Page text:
There is no point responding to David “Tainted” Fisher because he has an agenda and is on a mission to protect Nicky Hager and to ultimately protect himself.

That’s typical from an ongoing feud between Slater and Fisher. It’s rather ironic for Slater to call someone else ‘tainted’. Similar could be said of ‘mendacious scumbag’.

Slater picks up on a number of new and rehashed issues, including his repetitive “real Dirty Politics is now being revealed”.

But Slater makes a valid point.

What astonishes me is that the editors of the NZ Herald let David Fisher manipulate the facts and lie by omission in his articles. Why is he even reporting on these matters when he has sworn affidavits in support of Nicky Hager?

He taints the NZ Herald by his actions and his editors allow that tainting to occur.

Fisher appears to be closely associated with Hager. He has also had a long and at times very open fight with Slater (especially open on the Whale Oil side of the story).

While the Herald might think Fisher is an appropriate person to report on Hager and Slater related issues due to his in depth knowledge Fisher has at least a strong perception of not being impartial.

That’s not a good look for a newspaper like The Herald. I think they should be using someone at least with some semblance of impartiality on stories on these topics.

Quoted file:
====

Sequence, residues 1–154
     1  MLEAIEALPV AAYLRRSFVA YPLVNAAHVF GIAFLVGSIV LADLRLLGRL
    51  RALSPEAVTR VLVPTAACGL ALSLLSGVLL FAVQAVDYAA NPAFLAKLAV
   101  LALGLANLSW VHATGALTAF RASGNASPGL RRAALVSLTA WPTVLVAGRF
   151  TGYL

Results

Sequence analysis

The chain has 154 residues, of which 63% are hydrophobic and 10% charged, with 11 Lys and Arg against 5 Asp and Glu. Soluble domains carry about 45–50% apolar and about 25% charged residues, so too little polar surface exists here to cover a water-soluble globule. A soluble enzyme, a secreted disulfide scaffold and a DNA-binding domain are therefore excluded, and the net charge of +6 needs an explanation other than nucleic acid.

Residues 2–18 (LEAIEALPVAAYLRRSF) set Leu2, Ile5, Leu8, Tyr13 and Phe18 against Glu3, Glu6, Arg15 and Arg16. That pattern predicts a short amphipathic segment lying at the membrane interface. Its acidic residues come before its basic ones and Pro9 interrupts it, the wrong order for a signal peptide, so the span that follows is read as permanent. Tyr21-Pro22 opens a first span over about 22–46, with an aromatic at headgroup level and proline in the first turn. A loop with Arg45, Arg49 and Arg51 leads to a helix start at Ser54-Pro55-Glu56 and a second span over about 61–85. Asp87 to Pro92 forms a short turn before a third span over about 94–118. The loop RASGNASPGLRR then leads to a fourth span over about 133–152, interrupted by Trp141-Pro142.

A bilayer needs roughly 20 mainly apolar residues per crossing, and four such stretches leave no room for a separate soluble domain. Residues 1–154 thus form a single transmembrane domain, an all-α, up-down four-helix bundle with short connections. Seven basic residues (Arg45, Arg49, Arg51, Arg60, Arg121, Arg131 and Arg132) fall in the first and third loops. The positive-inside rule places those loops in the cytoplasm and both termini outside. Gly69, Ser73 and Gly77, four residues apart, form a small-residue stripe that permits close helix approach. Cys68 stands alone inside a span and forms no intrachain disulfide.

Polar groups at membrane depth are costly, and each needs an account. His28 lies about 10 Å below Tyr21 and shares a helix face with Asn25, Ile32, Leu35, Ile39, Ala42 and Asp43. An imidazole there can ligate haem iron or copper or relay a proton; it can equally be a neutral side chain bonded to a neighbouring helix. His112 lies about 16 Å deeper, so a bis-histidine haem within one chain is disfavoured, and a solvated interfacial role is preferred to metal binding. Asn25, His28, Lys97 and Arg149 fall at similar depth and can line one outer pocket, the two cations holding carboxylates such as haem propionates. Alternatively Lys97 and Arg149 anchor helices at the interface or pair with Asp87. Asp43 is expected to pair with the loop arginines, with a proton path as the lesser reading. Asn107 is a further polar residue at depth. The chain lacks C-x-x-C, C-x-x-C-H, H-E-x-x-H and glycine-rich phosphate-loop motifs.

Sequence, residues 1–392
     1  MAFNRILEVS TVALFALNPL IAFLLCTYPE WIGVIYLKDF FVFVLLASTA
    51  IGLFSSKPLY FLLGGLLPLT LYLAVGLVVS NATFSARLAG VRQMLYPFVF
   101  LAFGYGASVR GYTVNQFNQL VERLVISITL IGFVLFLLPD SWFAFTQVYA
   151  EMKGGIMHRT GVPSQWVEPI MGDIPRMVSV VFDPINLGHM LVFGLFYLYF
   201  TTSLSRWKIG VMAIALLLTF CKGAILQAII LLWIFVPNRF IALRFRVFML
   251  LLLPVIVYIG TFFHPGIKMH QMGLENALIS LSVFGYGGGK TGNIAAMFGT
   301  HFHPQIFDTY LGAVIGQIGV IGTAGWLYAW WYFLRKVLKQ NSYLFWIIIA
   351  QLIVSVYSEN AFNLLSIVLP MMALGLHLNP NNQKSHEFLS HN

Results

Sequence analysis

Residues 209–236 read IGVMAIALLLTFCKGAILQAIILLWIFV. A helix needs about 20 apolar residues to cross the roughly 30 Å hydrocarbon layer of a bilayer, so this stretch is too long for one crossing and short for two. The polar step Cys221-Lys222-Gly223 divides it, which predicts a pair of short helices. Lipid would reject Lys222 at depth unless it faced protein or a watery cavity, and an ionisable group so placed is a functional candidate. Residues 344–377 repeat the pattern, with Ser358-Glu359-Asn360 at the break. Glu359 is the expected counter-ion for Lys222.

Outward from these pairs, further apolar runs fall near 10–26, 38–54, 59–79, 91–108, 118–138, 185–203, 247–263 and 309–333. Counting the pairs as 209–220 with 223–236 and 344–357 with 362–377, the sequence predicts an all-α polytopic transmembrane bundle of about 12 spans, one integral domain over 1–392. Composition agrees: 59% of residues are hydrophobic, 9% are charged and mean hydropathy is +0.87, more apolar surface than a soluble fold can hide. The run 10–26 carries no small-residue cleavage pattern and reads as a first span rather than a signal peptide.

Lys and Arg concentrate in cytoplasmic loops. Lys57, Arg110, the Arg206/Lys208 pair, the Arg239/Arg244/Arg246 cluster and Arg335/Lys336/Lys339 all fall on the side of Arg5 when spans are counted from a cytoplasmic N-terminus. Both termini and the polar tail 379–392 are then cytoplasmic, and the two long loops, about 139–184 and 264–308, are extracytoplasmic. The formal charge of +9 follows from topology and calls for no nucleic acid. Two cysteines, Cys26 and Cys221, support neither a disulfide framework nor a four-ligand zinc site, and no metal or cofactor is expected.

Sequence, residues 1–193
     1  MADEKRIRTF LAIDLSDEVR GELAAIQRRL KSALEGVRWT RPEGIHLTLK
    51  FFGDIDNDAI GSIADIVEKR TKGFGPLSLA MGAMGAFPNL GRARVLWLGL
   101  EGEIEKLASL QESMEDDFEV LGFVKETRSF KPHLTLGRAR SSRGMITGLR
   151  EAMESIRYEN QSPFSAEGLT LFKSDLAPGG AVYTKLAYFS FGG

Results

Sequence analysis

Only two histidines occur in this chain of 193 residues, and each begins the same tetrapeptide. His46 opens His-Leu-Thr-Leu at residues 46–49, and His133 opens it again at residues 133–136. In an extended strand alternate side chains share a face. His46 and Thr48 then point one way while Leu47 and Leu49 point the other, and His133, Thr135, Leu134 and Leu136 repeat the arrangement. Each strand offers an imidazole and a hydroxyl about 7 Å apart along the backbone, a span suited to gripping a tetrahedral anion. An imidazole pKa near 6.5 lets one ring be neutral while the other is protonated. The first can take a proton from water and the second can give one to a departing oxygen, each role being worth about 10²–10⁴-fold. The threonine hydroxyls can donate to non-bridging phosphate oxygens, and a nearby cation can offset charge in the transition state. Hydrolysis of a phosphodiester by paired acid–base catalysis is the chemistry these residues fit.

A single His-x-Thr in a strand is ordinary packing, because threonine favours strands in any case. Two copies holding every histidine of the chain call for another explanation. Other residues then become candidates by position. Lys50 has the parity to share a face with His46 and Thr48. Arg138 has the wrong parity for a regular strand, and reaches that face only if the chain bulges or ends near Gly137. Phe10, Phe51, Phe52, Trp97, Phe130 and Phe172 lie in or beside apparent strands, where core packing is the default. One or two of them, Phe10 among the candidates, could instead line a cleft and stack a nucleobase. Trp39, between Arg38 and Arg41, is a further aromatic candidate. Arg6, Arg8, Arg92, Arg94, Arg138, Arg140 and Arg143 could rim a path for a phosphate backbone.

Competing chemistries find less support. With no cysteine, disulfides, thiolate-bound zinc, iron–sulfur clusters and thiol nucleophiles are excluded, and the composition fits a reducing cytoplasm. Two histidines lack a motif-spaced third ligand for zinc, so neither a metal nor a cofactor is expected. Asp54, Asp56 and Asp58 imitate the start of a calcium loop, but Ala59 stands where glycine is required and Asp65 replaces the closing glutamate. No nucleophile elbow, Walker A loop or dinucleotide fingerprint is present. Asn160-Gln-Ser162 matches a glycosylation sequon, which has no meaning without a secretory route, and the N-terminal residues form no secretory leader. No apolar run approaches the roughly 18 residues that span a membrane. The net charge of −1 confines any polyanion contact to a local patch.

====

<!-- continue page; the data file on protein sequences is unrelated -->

Fisher just feeds into the whale feeding frenzy.

Fisher on the GCSB and SIS

David Fisher has a lengthy ‘opinion’ on New Zealand’s spy agencies at NZ Herald: David Fisher: Just how bad were our spies? It’s one of his better articles.

Despite the headline looking at a troubled past Fisher also has some optimism for a better future.

John Key has opened up the spy agencies to public scrutiny in a way which we have never seen in New Zealand.

We know more now about what they do and even how they do it.

We know how the two agencies are managed, in that the GCSB and NZSIS both have top-flight lawyers in charge.

In terms of oversight and public disclosure, we are heading into an era unparalleled in our history. Citizens now have more ability to see and have explained the tasks done in their name. Again, it might not be enough but it is considerably more than we have had before.

That’s where we have come to, three years after Mr Key had to admit Kim Dotcom and one of his co-accused had been illegally spied on by the GCSB.

It’s an interesting, reasonable and balanced analysis.

Fisher concludes:

This is the question which needs to be answered – what should the agencies be doing? If their job is “keeping New Zealand society secure, independent, and free and democratic” how can it best achieve that? Among other things, it was confusion about the GCSB’s reason for being which led it into forbidden territory.

If we’re all clear about the path on which the intelligence community is heading, surely there’s far less chance of those agencies accidentally straying into the wilderness.

There seem to have been significant changes for the better in New Zealand’s spying world.

Herald making things up about Honours?

The Herald yesterday made a number of claims about public support of the New Zealand Honours system. Were they making things up or where their claims based on anything of substance.